On Monday, the Arizona House Rules Committee will consider, HB2052, a bill that prevents a home owner’s association or a planned community association from prohibiting homeowners “from peacefully assembling and using private or common elements of the community.”
The bill, introduced by Rep. John Kavanagh, comes on the heels of the contentious 2020 election cycle, in which numerous citizens complained of overreach by associations.
The bill passed out of the House Government and Election Committee with unanimous support.
An association may not prohibit door-to-door political activity or circulation of political petitions on property normally open to visitors within the association; except in specified circumstances.
Additionally, an association may not prohibit a member from displaying a political sign on their property; except that they may prohibit the display of political signs earlier than 71 days before the day of an election and later than three days after an election day.
A political sign is defined as a sign that attempts to influence the outcome of an election, including supporting or opposing the recall of a public officer or supporting or opposing the circulation of a petition for a ballot measure, question or proposition or the recall of a public officer (A.R.S. § § 33-1261, 33-1808).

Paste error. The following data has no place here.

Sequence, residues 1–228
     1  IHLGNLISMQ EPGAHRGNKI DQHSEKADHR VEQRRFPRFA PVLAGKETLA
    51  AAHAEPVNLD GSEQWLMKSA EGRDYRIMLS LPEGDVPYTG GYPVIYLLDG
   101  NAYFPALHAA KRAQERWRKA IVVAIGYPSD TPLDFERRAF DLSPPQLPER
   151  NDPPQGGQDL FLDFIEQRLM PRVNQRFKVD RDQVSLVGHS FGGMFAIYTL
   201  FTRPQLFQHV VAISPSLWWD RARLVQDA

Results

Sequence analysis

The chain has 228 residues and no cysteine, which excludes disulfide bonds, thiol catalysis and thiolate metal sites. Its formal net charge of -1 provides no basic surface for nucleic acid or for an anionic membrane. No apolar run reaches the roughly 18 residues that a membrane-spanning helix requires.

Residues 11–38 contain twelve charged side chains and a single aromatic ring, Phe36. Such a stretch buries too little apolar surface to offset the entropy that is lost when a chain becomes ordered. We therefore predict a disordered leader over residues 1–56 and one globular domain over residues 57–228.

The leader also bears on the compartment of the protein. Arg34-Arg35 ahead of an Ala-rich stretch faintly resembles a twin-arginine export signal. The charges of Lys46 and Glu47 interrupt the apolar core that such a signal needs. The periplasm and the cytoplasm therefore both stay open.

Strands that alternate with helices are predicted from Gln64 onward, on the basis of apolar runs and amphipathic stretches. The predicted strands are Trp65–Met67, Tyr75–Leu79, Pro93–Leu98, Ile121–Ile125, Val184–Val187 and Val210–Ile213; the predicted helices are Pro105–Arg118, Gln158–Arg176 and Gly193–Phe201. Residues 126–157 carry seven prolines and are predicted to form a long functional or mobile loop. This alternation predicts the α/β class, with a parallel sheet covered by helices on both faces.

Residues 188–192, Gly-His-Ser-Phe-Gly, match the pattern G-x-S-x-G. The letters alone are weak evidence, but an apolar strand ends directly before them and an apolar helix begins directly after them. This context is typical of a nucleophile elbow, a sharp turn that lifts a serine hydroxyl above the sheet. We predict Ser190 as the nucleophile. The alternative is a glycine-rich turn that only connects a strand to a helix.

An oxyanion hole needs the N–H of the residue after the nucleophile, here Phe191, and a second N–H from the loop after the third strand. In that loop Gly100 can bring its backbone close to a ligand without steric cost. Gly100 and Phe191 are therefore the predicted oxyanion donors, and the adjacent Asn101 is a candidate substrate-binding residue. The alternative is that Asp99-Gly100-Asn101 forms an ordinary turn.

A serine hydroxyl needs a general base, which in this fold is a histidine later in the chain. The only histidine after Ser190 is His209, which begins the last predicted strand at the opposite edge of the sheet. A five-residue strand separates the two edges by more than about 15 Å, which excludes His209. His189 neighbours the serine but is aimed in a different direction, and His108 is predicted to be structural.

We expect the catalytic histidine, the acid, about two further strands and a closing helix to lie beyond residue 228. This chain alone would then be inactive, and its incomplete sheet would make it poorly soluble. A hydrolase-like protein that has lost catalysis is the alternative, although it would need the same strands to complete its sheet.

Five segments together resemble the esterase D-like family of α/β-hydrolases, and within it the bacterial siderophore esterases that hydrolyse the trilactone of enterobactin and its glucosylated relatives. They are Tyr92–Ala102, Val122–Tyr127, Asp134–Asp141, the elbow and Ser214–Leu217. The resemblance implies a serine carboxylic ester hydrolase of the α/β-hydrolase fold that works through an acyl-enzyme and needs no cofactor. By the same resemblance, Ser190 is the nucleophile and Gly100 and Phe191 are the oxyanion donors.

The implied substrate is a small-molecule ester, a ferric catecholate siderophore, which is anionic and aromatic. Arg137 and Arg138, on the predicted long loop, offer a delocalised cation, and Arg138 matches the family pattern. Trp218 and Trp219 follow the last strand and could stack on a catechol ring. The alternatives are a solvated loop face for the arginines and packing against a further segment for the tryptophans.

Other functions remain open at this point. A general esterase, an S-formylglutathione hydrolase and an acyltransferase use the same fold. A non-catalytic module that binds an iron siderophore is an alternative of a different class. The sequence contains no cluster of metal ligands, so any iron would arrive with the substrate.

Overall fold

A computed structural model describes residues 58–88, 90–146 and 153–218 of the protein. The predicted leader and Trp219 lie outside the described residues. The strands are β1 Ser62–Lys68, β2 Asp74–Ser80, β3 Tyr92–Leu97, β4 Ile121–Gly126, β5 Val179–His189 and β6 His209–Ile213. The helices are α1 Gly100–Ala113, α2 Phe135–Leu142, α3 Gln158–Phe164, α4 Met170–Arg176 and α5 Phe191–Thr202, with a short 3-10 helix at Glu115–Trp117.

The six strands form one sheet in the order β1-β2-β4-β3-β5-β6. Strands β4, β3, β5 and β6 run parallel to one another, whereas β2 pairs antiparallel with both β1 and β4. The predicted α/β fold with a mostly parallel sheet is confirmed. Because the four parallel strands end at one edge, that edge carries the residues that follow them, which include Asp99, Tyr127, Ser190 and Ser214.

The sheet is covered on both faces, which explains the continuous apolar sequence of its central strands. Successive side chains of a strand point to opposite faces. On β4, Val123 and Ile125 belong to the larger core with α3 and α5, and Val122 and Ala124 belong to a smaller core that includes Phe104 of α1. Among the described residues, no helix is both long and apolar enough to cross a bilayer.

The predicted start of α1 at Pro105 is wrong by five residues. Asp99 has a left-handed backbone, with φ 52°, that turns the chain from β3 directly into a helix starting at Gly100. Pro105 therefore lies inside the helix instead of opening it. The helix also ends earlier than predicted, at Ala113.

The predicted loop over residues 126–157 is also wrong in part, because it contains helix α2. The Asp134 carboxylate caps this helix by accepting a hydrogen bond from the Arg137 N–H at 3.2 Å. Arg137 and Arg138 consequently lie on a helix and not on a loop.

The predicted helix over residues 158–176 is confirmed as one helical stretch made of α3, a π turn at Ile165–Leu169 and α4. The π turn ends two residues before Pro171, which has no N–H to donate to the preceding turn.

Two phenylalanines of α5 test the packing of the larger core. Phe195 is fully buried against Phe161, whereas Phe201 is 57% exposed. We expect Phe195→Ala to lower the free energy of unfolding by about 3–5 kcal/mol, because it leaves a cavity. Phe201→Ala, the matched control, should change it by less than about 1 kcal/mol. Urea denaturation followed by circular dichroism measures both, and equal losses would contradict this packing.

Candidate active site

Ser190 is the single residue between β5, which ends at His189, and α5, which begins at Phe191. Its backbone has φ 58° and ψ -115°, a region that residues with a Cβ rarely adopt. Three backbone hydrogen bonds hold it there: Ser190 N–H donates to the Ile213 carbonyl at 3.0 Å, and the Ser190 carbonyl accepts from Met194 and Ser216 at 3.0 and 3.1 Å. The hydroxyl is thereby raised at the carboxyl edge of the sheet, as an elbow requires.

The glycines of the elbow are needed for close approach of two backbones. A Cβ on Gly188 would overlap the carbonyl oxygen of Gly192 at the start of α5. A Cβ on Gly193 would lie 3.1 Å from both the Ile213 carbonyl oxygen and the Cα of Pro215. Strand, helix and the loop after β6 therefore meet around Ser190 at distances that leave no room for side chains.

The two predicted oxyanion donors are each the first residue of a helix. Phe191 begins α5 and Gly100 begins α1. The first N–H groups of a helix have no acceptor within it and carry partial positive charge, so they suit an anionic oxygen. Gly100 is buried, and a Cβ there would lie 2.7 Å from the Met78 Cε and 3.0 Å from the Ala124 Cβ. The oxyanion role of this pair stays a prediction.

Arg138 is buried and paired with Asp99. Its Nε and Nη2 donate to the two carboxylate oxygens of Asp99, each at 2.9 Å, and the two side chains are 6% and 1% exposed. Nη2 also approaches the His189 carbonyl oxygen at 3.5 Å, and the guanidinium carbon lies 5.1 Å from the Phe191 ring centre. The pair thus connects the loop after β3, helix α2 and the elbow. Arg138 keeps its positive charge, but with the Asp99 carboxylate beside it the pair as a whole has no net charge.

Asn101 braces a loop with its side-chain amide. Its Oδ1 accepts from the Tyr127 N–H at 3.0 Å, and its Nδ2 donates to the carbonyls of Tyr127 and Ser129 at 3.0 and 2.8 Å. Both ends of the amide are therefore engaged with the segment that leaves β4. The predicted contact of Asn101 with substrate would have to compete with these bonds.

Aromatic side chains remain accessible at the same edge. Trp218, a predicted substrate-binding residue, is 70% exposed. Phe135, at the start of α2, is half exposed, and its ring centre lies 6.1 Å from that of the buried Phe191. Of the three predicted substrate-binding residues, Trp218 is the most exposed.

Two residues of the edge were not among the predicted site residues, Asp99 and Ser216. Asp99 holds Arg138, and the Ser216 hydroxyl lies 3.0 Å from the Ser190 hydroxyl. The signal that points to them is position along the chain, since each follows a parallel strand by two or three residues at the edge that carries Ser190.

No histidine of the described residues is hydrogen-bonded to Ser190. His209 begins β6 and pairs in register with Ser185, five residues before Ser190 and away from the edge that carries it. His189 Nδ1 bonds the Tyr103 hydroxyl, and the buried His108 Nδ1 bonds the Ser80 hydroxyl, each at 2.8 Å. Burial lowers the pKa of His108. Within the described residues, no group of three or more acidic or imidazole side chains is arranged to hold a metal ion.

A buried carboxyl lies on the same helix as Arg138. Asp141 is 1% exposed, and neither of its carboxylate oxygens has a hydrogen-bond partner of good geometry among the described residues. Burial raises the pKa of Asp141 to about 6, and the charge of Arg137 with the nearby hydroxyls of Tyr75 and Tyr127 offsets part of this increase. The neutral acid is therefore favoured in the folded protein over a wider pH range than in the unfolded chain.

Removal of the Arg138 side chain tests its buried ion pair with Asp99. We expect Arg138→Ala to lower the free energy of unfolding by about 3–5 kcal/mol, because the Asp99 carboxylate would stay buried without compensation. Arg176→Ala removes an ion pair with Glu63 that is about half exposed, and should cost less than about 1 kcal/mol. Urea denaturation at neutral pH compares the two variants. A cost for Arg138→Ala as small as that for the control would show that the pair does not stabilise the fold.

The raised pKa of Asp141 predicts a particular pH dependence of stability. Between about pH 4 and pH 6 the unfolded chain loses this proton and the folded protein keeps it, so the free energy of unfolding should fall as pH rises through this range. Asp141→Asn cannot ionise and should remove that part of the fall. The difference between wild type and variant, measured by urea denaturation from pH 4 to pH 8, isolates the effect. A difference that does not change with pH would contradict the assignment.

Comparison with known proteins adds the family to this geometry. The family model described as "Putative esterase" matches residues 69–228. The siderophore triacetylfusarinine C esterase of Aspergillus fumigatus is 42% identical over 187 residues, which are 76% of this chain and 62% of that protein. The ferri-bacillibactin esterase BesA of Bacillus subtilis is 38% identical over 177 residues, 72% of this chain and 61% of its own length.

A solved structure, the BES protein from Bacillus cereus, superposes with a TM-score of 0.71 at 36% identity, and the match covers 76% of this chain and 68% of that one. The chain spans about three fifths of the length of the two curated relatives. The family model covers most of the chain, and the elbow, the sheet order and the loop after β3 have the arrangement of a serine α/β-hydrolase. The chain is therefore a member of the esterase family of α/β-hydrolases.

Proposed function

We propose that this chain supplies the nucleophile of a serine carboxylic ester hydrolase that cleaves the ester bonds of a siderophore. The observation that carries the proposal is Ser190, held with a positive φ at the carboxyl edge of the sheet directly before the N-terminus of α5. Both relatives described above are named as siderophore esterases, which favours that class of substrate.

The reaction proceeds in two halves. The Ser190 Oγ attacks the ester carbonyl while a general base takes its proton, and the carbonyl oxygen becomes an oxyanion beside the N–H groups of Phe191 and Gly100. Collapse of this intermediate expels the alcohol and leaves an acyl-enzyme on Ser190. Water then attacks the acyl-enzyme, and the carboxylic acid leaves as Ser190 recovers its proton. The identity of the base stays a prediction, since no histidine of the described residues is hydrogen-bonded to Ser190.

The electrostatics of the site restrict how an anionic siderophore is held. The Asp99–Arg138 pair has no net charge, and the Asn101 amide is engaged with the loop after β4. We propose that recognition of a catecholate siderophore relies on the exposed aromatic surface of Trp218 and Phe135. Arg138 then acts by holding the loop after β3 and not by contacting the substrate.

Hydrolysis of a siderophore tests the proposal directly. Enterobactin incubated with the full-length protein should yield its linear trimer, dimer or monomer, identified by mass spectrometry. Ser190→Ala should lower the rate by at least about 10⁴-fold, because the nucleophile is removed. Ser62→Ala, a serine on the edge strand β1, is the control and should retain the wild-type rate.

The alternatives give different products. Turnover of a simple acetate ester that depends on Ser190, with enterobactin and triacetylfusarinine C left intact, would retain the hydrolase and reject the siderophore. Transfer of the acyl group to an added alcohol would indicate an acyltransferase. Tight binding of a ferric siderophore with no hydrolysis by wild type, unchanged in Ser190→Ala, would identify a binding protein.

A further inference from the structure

1. States that an association cannot prohibit door-to-door political or community activity or circulation of political or community petitions on property normally open to visitors within the association, except in currently specified circumstances. (Sec. 1, 2)
2. Stipulates that an association cannot prohibit or unreasonably restrict a member’s ability to peacefully assemble and use private or common elements of the community if done in compliance with reasonable restrictions put in place by the Board of Directors for use of that property. (Sec 1, 2)
3. Allows a member or group of members to organize to discuss or address planned community business, including the following:
a) Board elections or recalls;
b) Potential or actual ballot issues;
c) Revisions to the community documents;
d) Property maintenance
e) Safety issues; or
f) Any other community business or actions. (Sec. 1, 2)
4. Permits a member to invite a political candidate or other non-member guest to speak to a group of members. (Sec. 1, 2)
5. Redefines political sign. (Sec. 1, 2)
6. Makes technical and conforming changes. (Sec. 1, 2)